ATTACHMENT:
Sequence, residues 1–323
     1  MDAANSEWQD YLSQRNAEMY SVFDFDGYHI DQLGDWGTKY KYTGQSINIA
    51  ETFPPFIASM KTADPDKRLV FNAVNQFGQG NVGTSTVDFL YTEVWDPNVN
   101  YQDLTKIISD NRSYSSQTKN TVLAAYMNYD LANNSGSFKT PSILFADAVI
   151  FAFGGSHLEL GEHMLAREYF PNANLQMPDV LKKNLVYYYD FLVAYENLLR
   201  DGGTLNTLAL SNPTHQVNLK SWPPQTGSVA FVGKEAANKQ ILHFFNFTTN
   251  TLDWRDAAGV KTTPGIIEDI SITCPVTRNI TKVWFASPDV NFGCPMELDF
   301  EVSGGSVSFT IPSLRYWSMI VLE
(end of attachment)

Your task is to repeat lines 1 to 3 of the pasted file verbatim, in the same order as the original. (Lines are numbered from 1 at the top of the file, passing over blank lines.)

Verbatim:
Sequence, residues 1–323
     1  MDAANSEWQD YLSQRNAEMY SVFDFDGYHI DQLGDWGTKY KYTGQSINIA
    51  ETFPPFIASM KTADPDKRLV FNAVNQFGQG NVGTSTVDFL YTEVWDPNVN